Photo by Patrick Denker(Copied from Flick)
Photo by Patrick Denker(Copied from Flick)

And it was this way of life that Thomas Decker was challenging when he called upon his compatriots to consider their language as a legitimate medium not only for conducting ordinary conversation in places as diverse as the fish market, the streets, the shops and the grand parlors, but also as text for conveying complex ideas. The intelligentsia, however, would have none of it. But from his platform as Editor of the Daily Guardian, Decker had a vantage point from which to wage his war against the forces of conservatism. He soon realized however, that he had to up his game and what better way of demolishing the opposition than to take the battle to the citadel, to the holy of literary holies and get The Bard himself to do the talking. By doing Shakespeare in Krio, surely, his detractors would have to concede that the great man was every bit as intelligible in that language as in the original. Decker did precisely this, so that, on that day in 1961 on the eve of Sierra Leone’s independence from Britain, he was able to open eyes and tune ears to the loveliness that was Krio.

Sierra Leone had had a long history of theatre, albeit amateur that had provided a varied and ample fare for an eager Freetown audience. But it was not until 1963 that the first professional performances were given, when the British Council brought the Nottingham Playhouse, with John Neville and a young Judi Dench, to play Shakespeare and Bernard Shaw there. It is not clear how the British Council made the decision to send such big guns to West Africa. Although records show that a tour was first mooted in the late nineteen-fifties, it was not until about five or six years later that the project came to fruition. It is tempting to speculate that the impetus that persuaded a slow-moving bureaucracy to make a decision was the staging of Thomas Decker’s Juliohs Siza in 1961.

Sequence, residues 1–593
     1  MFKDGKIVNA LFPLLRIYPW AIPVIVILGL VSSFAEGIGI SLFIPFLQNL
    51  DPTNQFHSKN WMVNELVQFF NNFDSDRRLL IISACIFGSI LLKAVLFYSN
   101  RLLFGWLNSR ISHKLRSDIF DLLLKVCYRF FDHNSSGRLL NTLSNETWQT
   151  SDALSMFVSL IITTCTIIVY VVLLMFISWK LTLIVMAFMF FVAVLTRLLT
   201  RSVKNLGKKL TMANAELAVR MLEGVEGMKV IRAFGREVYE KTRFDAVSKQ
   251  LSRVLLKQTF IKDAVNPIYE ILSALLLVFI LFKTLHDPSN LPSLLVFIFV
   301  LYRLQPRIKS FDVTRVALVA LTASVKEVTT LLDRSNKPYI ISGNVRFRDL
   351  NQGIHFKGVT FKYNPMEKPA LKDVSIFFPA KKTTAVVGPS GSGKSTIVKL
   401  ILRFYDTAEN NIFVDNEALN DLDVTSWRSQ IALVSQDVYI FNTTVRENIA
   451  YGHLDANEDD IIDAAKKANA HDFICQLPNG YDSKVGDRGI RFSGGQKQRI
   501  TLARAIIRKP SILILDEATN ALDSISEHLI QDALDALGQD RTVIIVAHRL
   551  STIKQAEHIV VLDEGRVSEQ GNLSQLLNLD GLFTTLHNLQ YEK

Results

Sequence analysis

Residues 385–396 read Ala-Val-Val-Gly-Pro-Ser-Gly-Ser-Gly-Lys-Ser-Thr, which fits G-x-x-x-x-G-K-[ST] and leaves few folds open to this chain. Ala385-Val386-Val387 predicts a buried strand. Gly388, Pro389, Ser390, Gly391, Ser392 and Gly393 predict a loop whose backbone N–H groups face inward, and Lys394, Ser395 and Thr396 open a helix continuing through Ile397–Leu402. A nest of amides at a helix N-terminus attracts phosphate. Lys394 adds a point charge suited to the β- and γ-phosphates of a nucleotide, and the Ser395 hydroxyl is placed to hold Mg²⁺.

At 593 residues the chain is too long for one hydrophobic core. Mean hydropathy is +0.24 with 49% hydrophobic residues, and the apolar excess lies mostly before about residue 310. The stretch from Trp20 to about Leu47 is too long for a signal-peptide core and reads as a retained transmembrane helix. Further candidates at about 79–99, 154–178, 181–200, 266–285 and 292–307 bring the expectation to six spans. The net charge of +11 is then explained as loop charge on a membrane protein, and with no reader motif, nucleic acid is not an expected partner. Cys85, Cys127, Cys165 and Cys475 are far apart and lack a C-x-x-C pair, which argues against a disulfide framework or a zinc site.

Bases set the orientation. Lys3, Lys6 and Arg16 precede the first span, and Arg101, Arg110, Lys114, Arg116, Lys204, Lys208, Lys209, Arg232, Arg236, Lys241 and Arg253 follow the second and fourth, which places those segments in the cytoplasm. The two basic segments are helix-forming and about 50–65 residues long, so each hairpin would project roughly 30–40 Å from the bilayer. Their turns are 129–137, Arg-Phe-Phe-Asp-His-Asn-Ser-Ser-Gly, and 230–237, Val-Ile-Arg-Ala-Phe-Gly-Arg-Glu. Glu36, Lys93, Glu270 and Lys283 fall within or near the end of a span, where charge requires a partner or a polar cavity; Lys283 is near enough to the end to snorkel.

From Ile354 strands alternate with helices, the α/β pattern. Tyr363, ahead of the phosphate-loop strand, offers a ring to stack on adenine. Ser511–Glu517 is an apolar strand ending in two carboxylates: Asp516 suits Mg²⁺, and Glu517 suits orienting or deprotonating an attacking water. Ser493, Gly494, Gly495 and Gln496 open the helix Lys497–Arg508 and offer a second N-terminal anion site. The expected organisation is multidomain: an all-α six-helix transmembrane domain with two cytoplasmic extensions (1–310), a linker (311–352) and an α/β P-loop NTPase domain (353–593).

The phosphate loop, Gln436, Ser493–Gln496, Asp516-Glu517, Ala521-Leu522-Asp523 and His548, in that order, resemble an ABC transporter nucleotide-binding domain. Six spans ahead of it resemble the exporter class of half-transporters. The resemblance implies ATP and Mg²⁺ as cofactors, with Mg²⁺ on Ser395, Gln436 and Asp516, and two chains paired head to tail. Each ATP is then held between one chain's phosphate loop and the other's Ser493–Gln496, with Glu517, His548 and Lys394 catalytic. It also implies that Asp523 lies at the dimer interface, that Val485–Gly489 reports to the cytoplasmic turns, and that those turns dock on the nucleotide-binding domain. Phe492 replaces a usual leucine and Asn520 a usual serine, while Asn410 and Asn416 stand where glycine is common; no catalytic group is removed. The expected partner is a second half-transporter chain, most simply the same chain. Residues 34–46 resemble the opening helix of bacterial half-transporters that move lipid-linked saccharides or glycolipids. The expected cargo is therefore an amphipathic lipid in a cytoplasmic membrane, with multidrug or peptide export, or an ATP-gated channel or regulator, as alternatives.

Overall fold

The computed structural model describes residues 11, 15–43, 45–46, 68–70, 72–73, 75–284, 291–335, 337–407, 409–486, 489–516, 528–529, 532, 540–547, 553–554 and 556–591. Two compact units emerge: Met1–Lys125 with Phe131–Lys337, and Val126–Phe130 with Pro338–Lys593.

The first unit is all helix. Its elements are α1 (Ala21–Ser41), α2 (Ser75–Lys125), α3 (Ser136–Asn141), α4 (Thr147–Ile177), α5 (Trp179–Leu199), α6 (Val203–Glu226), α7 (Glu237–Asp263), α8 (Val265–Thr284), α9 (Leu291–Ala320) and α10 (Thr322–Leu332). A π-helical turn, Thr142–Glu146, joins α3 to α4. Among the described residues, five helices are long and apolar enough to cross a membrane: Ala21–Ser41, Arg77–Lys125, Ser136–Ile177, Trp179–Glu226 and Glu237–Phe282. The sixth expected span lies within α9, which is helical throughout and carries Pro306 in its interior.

Decker’s bibliography does not make clear when he started working on his Krio translation of Julius Caesar, but a typed manuscript must have been available by the late fifties and from which copies were made for the 1961 stage presentation. The translation is full of colloquialisms that resonate with the Krio reader and audience. For example, in act 1 Scene II,

`Kaska` (Casca) mocking the response of some young women when Caesar, just coming round from an epileptic seizure, wondered whether he had done or said anything amiss during his short spell of unconsciousness: “Three or four wenches where I stood,” explained Casca,  “cried, ‘Alas, good soul!’ And forgave him with all their heart”. Thomas Decker renders this statement in Krio as “Tri pis-teyl titi den klos mi ala: ‘Oya, gud soul’ En forgive am with ohl den at”.